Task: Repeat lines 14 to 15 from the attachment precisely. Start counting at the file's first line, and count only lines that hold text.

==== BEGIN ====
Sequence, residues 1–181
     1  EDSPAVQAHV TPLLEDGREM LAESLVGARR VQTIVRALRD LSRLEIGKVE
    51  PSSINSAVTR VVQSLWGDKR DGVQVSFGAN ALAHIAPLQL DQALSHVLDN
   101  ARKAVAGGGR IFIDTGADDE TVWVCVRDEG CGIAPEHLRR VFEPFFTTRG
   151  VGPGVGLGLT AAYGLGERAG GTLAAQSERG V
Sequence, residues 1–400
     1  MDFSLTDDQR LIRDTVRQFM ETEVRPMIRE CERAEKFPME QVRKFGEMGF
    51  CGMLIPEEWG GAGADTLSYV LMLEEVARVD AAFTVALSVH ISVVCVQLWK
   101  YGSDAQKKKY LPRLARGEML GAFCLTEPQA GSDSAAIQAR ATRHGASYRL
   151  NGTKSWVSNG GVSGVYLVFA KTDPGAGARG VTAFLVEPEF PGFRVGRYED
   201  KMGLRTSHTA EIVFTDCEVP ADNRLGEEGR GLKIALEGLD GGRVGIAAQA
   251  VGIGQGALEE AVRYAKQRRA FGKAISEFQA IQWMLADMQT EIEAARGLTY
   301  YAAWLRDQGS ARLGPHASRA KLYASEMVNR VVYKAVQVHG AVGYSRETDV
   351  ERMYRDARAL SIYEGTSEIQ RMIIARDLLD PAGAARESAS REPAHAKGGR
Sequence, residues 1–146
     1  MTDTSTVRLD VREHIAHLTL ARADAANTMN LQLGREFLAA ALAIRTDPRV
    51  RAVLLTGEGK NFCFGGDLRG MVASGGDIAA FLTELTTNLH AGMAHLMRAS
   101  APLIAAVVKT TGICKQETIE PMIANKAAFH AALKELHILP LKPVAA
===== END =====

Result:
   351  ERMYRDARAL SIYEGTSEIQ RMIIARDLLD PAGAARESAS REPAHAKGGR
Sequence, residues 1–146